Valuing Nature: Literature and the Environment
Our focus for this course will be upon how literature deals with the environment, i.e., how literary texts represent environmental issues and why it matters that they be represented in this form. How, that is, do literary sorts of texts help shape the social framework within which environmental issues get discussed and environmental decisions made? How do we come to value nature, and nature in relation to (or in competition with) human society? We will be considering a range of prose texts, including fictional narratives, non-fictional essays and journalism, primarily texts written or set in the Americas. Course goals include: 1) developing the analytical reading skills appropriate to different kinds of literary texts, 2) working on how to formulate and sustain critical arguments in writing, 3) learning how to uncover the supporting logic and stakes of specific attitudes toward the natural world, 4) understanding how environmental issues are linked to other social and cultural concerns, 5) seeing how those linkages are affected by particular historical and political conditions. The course will contain a significant writing component, both regular informal writing assignments and several medium-length analytical papers; it can count for W-credit.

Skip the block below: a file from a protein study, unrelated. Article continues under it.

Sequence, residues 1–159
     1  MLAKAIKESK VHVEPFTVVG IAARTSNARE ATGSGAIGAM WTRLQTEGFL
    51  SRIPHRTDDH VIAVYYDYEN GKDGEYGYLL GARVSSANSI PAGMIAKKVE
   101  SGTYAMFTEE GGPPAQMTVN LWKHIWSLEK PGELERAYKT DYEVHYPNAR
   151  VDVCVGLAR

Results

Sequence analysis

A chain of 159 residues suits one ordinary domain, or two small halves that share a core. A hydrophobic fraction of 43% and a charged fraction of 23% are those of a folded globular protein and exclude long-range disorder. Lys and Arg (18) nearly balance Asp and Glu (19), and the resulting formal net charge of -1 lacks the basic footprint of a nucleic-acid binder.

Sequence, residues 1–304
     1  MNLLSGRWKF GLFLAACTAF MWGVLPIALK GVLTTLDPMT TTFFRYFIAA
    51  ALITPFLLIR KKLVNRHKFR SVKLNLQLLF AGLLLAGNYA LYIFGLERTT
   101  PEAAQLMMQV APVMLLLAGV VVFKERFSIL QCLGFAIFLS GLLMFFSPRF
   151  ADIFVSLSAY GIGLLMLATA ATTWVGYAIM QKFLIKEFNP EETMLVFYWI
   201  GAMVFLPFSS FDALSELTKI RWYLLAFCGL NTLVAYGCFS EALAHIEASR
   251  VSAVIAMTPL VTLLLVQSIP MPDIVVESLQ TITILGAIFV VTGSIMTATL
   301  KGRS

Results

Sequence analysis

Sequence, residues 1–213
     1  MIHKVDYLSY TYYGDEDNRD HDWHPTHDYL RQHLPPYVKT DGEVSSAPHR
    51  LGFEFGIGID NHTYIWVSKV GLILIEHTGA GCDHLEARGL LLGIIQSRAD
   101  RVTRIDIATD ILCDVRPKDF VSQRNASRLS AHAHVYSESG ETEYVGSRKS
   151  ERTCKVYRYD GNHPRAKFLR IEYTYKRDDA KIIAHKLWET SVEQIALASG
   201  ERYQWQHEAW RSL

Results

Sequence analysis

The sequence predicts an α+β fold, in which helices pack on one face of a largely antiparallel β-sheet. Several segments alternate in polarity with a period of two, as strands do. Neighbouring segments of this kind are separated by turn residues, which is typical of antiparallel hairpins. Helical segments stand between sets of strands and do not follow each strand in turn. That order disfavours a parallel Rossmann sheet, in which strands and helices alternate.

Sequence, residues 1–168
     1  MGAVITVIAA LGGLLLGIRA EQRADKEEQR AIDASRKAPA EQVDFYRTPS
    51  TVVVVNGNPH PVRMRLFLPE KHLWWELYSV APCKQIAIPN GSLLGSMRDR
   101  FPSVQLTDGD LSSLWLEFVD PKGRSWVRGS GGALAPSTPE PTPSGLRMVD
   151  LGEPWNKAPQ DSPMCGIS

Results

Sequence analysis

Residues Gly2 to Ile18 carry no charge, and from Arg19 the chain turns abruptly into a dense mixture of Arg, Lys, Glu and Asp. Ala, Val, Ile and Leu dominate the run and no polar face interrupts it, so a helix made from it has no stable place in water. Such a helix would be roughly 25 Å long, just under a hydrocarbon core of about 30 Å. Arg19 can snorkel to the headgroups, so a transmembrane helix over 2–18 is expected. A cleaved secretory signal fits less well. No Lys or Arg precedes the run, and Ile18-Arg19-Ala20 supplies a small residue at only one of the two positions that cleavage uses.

Texts include Defoe, Robinson Crusoe; Faulkner, Go Down, Moses;McPhee, Encounters with the Archdruid; Abbey, Desert Solitaire; Appleman, Darwin; Butler, Wild Seed; Barry Lopez Arctic Dreams; and a reading packet.